The problem, however, is that “employers don’t always know which of their friends has a qualified worker with the skills they’re looking for, and workers don’t have an easy way to advertise their availability, especially to people outside their immediate social circles.”
Duma, she said, “mimics the word-of-mouth hiring system. We offer employers information about skilled workers nearby whom they know through a friend, or maybe the friend of a friend. We help workers expand their friend network exponentially, making it that much easier to find out about job openings. We also offer a post-job rating system so workers and employers can be held accountable for the quality of their performance.”
So far, she said, Duma already has matched more than 1,000 people to jobs and has created a database of more than 2,000 workers.
Sandor wrote that “Kenya is an incredible amalgamation of things Western and things entirely ‘other.’… Some people meticulously iron their pants and check their newly purchased iPhones every morning while rubbing their heads with lard to protect them from curse-throwing witches.”
But, she said, “Other things are not so different…. Most families have electricity in their homes and watching the 7 p.m. news is a nightly ritual.
“Everything is different in Kenya and yet nothing is. People have similar problems, you make friends, you develop family, business is business, and friendship is friendship. So the framework is the same. It’s just everything in between that you have to learn.” The biggest change, she said, is that she has to wash her laundry by hand now.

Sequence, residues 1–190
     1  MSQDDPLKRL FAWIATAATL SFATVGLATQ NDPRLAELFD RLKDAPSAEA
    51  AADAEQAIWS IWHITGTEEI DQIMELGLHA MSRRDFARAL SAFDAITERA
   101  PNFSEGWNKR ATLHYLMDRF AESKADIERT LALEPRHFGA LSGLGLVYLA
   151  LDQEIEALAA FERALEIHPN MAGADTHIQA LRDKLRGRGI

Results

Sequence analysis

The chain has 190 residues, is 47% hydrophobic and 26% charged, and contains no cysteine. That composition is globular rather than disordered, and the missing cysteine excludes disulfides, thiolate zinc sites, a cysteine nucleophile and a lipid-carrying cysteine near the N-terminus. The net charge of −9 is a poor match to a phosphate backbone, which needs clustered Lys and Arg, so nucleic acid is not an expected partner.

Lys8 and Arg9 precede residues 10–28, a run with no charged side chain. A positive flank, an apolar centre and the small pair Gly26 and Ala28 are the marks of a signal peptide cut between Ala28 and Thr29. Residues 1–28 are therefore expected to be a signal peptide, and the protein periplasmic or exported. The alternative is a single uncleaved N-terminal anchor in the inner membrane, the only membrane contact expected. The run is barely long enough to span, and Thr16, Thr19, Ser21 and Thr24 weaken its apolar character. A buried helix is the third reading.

The young entrepreneur notes that “Kenyans overall are very religious people. In every town, no matter how small, there is a bar and a church. The majority of the country is deeply religious and operates under the firm understanding that they are not the only ones in charge of their own destiny.”
That is why “many people understand my religious background. People are also very open minded [about] other faiths and more curious than dubious. As long as I explain Judaism in a way they can relate to and not include too many Yiddishisms, they get the hang of it. I have definitely explained eruv and kashrut to a few people.”
In fact, she noted, “celebrating Jewish holidays has been a lot of fun. For Chanukah I bought candles and potatoes to celebrate with my friends. I transliterated the blessings into English and we sang them all together. We then dug into the latkes I had made. Hamentashen – however, I found a bit difficult to prepare without an oven.”
Sandor said her next goal is to bring Duma to East Africa “and grow from there. We believe that Duma has the potential to carry a huge social impact in job discovery and creation and are incredibly passionate about pushing for its growth and impact.”
The young entrepreneur noted that one of the greatest challenges of implementing the venture has been the amount of multitasking it involves.
“When you think about it, Christine and I weren’t just launching a startup,” she wrote. “We were moving to a foreign country, learning how to run a business right out of university, learning how to speak Kiswahili to actually interact with people, developing our product while performing market research – [all] while launching a startup.”
Since arriving, she said, “it’s been good, but hard,” although she has already made good friends.
“When I couldn’t understand the conversation around me, I just sat down and sketched drawings. Now that I can speak Kiswahili, things are much easier.
“I will stay until Duma succeeds,” she said. “I’m not sure how long that will take and when I will feel success has been attained. It might be two years, it might be five years, and it might be ten years. It’s the not knowing that makes it interesting.”